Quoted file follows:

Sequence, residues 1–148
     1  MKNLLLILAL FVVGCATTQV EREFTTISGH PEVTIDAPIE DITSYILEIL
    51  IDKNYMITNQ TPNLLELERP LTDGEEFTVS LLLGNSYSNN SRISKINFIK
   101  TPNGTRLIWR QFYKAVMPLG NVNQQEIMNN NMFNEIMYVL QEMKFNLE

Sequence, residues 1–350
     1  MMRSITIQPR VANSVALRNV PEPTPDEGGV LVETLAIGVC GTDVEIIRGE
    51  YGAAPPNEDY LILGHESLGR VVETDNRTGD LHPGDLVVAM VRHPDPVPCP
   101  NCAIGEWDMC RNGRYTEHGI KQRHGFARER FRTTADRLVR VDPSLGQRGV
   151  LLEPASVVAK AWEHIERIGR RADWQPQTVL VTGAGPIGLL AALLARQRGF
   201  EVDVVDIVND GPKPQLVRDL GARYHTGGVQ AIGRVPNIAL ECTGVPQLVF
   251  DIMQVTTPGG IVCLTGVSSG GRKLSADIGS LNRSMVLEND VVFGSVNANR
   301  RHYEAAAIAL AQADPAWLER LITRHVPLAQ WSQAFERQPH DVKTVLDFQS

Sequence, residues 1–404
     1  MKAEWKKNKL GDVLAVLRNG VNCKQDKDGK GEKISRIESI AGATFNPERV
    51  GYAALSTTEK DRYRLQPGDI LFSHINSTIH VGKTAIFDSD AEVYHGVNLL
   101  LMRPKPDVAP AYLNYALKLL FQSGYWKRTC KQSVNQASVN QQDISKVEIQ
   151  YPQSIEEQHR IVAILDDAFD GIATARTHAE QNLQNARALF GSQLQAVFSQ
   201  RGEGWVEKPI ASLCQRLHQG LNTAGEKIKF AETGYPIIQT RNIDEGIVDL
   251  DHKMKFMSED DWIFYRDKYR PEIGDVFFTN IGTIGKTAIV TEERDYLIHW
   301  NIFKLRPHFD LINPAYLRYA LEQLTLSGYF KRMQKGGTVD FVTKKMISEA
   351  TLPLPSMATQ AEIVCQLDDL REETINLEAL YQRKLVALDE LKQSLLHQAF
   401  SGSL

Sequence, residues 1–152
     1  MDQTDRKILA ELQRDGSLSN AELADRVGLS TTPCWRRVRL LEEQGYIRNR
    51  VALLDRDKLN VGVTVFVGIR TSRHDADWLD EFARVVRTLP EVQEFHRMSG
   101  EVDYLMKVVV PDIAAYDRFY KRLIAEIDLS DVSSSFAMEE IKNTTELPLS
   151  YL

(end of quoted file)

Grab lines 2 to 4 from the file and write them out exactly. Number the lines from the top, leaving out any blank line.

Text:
     1  MKNLLLILAL FVVGCATTQV EREFTTISGH PEVTIDAPIE DITSYILEIL
    51  IDKNYMITNQ TPNLLELERP LTDGEEFTVS LLLGNSYSNN SRISKINFIK
   101  TPNGTRLIWR QFYKAVMPLG NVNQQEIMNN NMFNEIMYVL QEMKFNLE